Smallwood v. State | 680 A2d 512 | August 01, 1996 | Joe Srednicki


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Smallwood v. State

Original Creator: Jeannie Suk Current Version: Joe Srednicki
680 A.2d 512 (1996)
343 Md. 97

Dwight Ralph SMALLWOOD
STATE of Maryland.

No. 122, Sept. Term, 1995.

Court of Appeals of Maryland.

August 1, 1996.



[513] Julia Doyle Berhardt, Asst. Public Defender (Stephen E. Harris, Public Defender, on brief), Baltimore, for Petitioner.


Mary Ellen Barbera, Asst. Atty. Gen. (J. Joseph Curran, Jr., Atty. Gen., on brief), Baltimore, for Respondent.




MURPHY, Chief Judge.


In this case, we examine the use of circumstantial evidence to infer that a defendant possessed the intent to kill needed for a conviction of attempted murder or assault with intent to murder. We conclude that such an inference is not supportable under the facts of this case.










On August 29, 1991, Dwight Ralph Smallwood was diagnosed as being infected with the Human Immunodeficiency Virus (HIV). According to medical records from the Prince George's County Detention Center, he had been informed of his HIV-positive status by September 25, 1991. In February 1992, a social worker made Smallwood aware of the necessity of practicing "safe sex" in order to avoid transmitting the virus to his sexual partners, and in July 1993, Smallwood told health care providers at Children's Hospital that he had only one sexual partner and that they always used condoms. Smallwood again tested positive for HIV in February and March of 1994.


On September 26, 1993, Smallwood and an accomplice robbed a woman at gunpoint, and forced her into a grove of trees where each man alternately placed a gun to her head while the other one raped her. On September 28, 1993, Smallwood and an accomplice robbed a second woman at gunpoint and took her to a secluded location, where Smallwood inserted his penis into her with "slight penetration." On September 30, 1993, Smallwood and an accomplice robbed yet a third woman, also at gunpoint, and took her to a local school where she was forced to perform oral sex on Smallwood and was raped by him. In each of these episodes, Smallwood threatened to kill his victims if they did not cooperate or to return and shoot them if they reported his crimes. Smallwood did not wear a condom during any of these criminal episodes.


Based upon his attack on September 28, 1993, Smallwood was charged with, among other crimes, attempted first-degree rape, robbery with a deadly weapon, assault with intent to murder, and reckless endangerment. In separate indictments, Smallwood was also charged with the attempted seconddegree murder of each of his three victims. On October 11, 1994, Smallwood pled guilty in the Circuit Court for Prince George's County to attempted first-degree rape and robbery with a deadly weapon.[1] The circuit [514] court (Nichols, J.) also convicted Smallwood of assault with intent to murder and reckless endangerment based upon his September 28, 1993 attack, and convicted Smallwood of all three counts of attempted second-degree murder.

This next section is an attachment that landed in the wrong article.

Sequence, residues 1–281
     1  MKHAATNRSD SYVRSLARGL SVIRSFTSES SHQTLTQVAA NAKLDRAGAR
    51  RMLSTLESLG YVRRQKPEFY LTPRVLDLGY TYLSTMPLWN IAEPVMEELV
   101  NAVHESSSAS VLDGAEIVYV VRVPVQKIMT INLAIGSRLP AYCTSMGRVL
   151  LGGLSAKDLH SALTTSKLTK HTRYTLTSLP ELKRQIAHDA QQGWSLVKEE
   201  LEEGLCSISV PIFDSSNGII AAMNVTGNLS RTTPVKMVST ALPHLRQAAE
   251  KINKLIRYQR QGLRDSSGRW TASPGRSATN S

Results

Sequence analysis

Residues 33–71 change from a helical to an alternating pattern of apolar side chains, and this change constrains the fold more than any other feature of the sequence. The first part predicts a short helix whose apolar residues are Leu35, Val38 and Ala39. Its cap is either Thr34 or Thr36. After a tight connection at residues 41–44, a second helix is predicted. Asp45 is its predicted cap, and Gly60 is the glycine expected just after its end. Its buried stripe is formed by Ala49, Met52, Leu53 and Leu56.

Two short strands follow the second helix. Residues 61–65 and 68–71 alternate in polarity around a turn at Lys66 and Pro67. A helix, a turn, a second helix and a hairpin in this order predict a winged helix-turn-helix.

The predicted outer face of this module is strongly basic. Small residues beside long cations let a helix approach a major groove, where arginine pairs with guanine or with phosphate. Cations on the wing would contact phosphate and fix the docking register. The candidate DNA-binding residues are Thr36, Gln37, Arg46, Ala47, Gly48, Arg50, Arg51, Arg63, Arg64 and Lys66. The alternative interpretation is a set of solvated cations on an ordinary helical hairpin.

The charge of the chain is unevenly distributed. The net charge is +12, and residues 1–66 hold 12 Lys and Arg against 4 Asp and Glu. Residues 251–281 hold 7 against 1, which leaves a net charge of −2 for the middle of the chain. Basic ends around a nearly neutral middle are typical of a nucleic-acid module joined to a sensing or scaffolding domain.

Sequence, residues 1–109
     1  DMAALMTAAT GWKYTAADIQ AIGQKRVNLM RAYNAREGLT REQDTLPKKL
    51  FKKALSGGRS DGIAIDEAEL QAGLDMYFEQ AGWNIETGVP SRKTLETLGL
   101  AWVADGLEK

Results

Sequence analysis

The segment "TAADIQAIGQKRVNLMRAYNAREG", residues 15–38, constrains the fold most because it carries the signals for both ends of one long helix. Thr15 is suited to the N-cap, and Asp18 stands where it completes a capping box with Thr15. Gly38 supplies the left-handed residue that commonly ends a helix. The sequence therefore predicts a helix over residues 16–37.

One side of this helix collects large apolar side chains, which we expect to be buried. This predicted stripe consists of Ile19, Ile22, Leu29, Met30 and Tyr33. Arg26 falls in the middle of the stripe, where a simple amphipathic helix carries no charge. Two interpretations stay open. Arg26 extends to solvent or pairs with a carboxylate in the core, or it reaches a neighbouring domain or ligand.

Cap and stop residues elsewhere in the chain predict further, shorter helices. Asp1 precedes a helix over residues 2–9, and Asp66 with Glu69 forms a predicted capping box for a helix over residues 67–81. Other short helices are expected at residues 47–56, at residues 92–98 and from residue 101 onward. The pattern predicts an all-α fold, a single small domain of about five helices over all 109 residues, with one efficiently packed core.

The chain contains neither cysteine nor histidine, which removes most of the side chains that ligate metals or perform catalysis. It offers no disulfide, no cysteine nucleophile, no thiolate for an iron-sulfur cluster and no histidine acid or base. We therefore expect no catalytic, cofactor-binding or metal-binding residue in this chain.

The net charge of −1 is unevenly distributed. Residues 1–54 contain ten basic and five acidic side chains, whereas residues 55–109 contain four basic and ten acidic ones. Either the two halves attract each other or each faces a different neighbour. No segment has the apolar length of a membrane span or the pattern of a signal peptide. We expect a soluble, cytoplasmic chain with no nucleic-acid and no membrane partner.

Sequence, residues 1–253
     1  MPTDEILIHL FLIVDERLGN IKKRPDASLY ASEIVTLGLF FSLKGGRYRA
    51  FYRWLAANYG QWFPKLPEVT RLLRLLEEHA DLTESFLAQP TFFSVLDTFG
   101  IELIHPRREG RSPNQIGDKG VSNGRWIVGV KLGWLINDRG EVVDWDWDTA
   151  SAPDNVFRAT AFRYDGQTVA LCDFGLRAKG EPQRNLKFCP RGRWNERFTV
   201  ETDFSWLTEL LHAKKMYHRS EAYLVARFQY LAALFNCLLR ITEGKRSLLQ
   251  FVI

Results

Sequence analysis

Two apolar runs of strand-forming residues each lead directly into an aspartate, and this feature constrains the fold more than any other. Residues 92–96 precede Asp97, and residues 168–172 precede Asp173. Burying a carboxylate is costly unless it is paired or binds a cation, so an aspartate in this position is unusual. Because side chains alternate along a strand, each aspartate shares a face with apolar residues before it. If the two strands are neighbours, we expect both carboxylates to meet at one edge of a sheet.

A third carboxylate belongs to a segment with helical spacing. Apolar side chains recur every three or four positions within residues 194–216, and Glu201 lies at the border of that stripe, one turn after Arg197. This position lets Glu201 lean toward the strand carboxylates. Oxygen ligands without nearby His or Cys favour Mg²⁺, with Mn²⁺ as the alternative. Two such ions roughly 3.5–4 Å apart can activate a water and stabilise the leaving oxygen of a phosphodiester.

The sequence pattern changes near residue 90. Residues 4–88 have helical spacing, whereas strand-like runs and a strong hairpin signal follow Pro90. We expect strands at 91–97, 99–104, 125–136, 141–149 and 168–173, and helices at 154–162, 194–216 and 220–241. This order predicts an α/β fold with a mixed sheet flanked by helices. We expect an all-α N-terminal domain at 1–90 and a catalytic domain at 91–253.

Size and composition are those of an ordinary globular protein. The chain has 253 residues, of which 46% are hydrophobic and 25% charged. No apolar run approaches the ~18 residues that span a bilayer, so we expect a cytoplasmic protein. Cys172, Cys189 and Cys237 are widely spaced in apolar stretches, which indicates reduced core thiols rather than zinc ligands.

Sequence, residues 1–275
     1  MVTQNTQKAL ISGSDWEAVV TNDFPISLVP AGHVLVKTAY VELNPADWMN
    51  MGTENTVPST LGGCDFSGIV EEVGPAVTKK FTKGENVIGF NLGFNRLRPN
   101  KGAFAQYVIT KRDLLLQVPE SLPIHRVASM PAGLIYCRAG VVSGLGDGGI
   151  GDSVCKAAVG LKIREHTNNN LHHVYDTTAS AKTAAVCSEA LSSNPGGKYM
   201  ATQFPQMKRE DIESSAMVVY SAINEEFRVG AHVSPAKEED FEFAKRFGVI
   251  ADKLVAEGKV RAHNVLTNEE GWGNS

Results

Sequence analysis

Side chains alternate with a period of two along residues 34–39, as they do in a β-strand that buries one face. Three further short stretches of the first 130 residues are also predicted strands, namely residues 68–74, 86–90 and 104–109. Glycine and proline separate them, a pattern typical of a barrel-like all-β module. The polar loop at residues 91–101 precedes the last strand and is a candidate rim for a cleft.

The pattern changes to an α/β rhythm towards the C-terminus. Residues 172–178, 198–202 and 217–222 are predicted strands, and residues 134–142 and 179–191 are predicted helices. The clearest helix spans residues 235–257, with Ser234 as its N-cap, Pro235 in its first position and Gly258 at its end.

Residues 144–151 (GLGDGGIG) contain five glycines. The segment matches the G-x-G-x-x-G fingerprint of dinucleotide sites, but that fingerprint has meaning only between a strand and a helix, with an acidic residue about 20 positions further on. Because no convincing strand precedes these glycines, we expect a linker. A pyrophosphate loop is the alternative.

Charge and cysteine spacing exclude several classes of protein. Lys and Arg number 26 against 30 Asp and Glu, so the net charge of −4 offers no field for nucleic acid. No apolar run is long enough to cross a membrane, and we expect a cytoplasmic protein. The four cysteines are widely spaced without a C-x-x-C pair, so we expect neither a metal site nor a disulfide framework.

Following his conviction, Smallwood was sentenced to concurrent sentences of life imprisonment for attempted rape, twenty years imprisonment for robbery with a deadly weapon, thirty years imprisonment for assault with intent to murder, and five years imprisonment for reckless endangerment. The circuit court also imposed a concurrent thirty-year sentence for each of the three counts of attempted second-degree murder. The circuit court's judgments were affirmed in part and reversed in part by the Court of Special Appeals. In Smallwood v. State, 106 Md.App. 1, 661 A.2d 747 (1995), the intermediate appellate court found that the evidence was sufficient for the trial court to conclude that Smallwood intended to kill his victims and upheld all of his convictions.[2] Upon Smallwood's petition, we granted certiorari to consider whether the trial court could properly conclude that Smallwood possessed the requisite intent to support his convictions of attempted second-degree murder and assault with intent to murder.






Smallwood asserts that the trial court lacked sufficient evidence to support its conclusion that Smallwood intended to kill his three victims. Smallwood argues that the fact that he engaged in unprotected sexual intercourse, even though he knew that he carried HIV, is insufficient to infer an intent to kill. The most that can reasonably be inferred, Smallwood contends, is that he is guilty of recklessly endangering his victims by exposing them to the risk that they would become infected themselves. The State disagrees, arguing that the facts of this case are sufficient to infer an intent to kill. The State likens Smallwood's HIV-positive status to a deadly weapon and argues that engaging in unprotected sex when one is knowingly infected with HIV is equivalent to firing a loaded firearm at that person.[3]










In Faya v. Almaraz, 329 Md. 435, 438-440, 620 A.2d 327 (1993), we discussed HIV and the Acquired Immune Deficiency Syndrome (AIDS) in detail. There, we described HIV as a retrovirus that attacks the human immune system, weakening it, and ultimately destroying the body's capacity to ward off disease. We also noted that